to discover later how Rails accomplishes some of its magic, and at that
point you realize why Java or PHP can never have a true Rails clone.

Hey Gustav,

Don’t worry about the “level” you need to be. In some ways the ruby
language is easier to learn if that is what you start with. I came
from php and I found that I had a hard time getting my head around it
because I was so stuck in certain ways of thinking. Rails can be a bit
mystifying because it does a lot for you that you don’t see, but as
the others said, find a project and work through it. After a while
things will come together. I was a bit intimidated at first because I
had a few projects with time constraints, but I stuck with it and did
them in rails and now I am really glad that I did.

Good luck,
Jake

On 8/13/06, Ben L. [email protected] wrote:

I would say that as long as you have patience, you can learn rails no matter
what your programming level is. Also, though it would probably be a good
idea to start with learning Ruby first (as many have suggested), I would
have to say that would probably bore me to death. If you don’t mind putting
in the time, go with Ruby first.

I keep seeing this suggestion and have actually taken it to practice.
However I think it some ways in put a person who wants to primarily
use Rails in a quandry. I’ve read through the Pickaxe and a number of
other Ruby books but it seems that in order to really learn it you
have to put it to practice. Meaning it’s probably a good idea to
write a few Ruby programs standalone, integrate some of it’s gems and
maybe even participate in some of the Ruby Q. entries. Learning
Rails at the same time can be a bit overwhelming. I mean the amount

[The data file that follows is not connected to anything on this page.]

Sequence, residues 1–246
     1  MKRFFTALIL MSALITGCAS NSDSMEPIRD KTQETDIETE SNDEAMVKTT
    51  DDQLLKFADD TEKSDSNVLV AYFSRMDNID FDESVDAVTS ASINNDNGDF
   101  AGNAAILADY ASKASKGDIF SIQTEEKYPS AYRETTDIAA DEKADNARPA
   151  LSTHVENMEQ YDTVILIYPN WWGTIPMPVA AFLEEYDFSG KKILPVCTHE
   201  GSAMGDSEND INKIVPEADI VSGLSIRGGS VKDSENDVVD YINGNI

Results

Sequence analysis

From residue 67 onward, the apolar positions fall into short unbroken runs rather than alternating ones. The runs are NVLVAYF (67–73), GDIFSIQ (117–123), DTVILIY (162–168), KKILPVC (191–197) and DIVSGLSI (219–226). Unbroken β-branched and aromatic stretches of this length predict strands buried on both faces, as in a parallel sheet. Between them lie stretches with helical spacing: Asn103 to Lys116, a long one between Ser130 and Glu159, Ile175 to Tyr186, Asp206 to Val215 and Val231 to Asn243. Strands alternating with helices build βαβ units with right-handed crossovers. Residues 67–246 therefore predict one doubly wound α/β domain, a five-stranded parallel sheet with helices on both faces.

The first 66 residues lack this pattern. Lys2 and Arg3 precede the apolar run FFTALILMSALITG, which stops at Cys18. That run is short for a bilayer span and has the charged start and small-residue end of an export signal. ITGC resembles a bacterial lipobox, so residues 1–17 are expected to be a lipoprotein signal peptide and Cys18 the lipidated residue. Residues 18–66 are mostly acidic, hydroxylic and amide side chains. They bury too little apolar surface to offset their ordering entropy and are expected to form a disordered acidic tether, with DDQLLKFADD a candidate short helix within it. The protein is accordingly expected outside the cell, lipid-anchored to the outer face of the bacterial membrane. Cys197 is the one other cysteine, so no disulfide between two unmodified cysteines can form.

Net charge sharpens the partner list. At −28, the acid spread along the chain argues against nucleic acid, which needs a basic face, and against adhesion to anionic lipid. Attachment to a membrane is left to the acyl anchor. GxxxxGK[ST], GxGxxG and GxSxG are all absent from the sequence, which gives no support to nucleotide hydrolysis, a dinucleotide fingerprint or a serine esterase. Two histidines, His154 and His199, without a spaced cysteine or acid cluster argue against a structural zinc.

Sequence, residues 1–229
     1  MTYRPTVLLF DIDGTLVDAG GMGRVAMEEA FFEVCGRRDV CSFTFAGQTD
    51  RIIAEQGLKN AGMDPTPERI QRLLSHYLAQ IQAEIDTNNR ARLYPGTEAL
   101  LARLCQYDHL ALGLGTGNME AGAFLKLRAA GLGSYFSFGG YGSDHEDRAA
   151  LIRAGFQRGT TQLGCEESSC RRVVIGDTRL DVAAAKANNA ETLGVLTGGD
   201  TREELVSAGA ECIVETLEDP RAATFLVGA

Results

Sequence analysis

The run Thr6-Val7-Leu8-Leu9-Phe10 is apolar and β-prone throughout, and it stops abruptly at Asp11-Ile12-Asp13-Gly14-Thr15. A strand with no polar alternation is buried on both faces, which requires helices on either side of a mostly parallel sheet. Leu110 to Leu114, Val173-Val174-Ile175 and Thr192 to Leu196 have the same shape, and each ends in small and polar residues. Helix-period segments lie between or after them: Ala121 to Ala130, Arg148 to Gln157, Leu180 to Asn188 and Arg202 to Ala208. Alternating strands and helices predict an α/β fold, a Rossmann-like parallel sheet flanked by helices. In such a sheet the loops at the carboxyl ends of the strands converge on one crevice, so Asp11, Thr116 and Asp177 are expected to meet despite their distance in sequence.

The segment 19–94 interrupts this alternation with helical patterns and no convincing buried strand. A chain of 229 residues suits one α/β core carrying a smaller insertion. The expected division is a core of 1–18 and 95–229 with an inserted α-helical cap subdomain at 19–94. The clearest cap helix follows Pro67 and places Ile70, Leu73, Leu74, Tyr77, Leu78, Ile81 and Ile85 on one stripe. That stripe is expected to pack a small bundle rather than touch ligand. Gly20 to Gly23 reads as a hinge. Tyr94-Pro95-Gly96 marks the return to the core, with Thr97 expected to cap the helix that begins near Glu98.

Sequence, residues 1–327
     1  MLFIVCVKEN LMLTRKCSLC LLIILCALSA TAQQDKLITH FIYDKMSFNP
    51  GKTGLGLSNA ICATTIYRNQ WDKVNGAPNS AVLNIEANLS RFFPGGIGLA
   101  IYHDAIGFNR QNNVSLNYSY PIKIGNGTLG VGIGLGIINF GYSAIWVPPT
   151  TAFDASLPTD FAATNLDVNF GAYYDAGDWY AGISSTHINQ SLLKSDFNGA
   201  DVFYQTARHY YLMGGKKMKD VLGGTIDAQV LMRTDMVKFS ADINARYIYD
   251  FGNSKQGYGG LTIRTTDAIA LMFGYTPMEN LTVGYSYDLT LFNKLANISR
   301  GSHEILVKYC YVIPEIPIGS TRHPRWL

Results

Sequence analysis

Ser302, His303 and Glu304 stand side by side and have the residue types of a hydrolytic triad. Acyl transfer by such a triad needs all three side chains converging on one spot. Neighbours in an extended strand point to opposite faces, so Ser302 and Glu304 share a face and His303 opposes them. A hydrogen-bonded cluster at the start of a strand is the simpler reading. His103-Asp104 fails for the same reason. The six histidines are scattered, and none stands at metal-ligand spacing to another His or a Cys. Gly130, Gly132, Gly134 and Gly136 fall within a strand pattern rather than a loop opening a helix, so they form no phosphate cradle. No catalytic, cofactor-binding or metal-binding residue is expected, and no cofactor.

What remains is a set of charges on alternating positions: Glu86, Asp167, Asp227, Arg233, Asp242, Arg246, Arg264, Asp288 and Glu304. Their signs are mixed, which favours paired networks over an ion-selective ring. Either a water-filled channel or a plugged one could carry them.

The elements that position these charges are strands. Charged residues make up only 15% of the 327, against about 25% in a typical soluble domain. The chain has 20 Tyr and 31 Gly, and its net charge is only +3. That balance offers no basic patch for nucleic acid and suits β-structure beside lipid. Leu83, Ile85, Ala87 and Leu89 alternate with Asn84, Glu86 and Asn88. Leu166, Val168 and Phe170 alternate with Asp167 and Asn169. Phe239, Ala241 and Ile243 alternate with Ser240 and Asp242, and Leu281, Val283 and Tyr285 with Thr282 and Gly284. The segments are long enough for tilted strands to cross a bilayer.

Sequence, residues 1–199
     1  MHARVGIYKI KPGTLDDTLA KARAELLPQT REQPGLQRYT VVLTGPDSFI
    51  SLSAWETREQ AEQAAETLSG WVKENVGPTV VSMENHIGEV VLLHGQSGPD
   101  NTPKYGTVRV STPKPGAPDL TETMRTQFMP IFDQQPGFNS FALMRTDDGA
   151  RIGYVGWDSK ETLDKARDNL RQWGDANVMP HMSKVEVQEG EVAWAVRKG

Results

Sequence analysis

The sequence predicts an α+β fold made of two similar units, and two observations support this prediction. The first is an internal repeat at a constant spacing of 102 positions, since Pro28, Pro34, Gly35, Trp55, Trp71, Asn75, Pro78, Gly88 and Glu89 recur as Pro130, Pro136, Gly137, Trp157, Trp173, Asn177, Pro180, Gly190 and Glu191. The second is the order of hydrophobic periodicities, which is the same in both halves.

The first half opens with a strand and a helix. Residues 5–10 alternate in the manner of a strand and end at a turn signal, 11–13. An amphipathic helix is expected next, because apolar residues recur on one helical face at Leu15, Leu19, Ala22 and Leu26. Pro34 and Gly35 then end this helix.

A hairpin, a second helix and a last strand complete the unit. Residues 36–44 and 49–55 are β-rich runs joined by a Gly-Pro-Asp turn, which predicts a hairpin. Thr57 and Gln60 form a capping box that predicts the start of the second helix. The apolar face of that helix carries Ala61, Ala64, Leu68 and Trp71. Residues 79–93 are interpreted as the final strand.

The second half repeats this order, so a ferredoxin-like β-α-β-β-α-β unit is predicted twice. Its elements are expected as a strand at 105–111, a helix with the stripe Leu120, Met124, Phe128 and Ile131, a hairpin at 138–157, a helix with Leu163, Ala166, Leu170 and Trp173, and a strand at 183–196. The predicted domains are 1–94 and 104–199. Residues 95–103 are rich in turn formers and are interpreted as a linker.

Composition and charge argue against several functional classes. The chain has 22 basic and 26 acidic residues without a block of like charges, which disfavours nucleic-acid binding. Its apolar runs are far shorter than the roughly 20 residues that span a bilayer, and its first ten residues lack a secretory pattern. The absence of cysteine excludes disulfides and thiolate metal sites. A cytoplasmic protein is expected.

of methods alone in AR and AC.

Also, I disagree with the others that Rails is easy to learn. Sometimes one
line of code will do many different things all at once, and it takes awhile
to catch the nuances of the code - as opposed to other languages, such as
php, where there is usually only one thing happening on one line and it is
very clear what it is.

Along with the line of thought above you also need to view code in the
MVC model. Which for someone new to both Ruby and Rails can be
somewhat confusing. I know it is to me.

Stuart

I would say that as long as you have patience, you can learn rails no
matter
what your programming level is. Also, though it would probably be a
good
idea to start with learning Ruby first (as many have suggested), I would
have to say that would probably bore me to death. If you don’t mind
putting
in the time, go with Ruby first.

Also, I disagree with the others that Rails is easy to learn. Sometimes
one
line of code will do many different things all at once, and it takes
awhile
to catch the nuances of the code - as opposed to other languages, such
as
php, where there is usually only one thing happening on one line and it
is
very clear what it is.

But this is also the strength of Rails. Once you learn how things work,
you
can program much faster. It’s definitely (definitely!!!) worth the
struggle. It took me about 8 weeks of working on a project, reading
Agile
Rails, and hitting the forums to become comfortable.

The best advice I can give is to use this forum constantly. If
something
doesn’t make sense, don’t just go along with it, ask us. It will help
you
understand everything a whole lot faster. As soon as I started reading
and
posting to this list consistantly, my skills went up dramatically.

Cheers, and welcome!

-Ben L.